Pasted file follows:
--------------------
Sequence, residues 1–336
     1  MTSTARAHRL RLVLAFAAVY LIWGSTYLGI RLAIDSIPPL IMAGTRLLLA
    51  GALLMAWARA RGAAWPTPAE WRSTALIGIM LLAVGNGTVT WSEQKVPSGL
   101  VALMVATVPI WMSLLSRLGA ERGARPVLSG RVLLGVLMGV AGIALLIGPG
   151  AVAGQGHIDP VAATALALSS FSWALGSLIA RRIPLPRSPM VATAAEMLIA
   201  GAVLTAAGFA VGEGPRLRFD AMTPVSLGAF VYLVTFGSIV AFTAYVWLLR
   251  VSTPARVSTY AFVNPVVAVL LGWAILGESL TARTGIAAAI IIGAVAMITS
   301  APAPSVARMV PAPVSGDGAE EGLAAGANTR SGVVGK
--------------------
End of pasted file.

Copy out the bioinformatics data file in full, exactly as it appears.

Sequence, residues 1–336
     1  MTSTARAHRL RLVLAFAAVY LIWGSTYLGI RLAIDSIPPL IMAGTRLLLA
    51  GALLMAWARA RGAAWPTPAE WRSTALIGIM LLAVGNGTVT WSEQKVPSGL
   101  VALMVATVPI WMSLLSRLGA ERGARPVLSG RVLLGVLMGV AGIALLIGPG
   151  AVAGQGHIDP VAATALALSS FSWALGSLIA RRIPLPRSPM VATAAEMLIA
   201  GAVLTAAGFA VGEGPRLRFD AMTPVSLGAF VYLVTFGSIV AFTAYVWLLR
   251  VSTPARVSTY AFVNPVVAVL LGWAILGESL TARTGIAAAI IIGAVAMITS
   301  APAPSVARMV PAPVSGDGAE EGLAAGANTR SGVVGK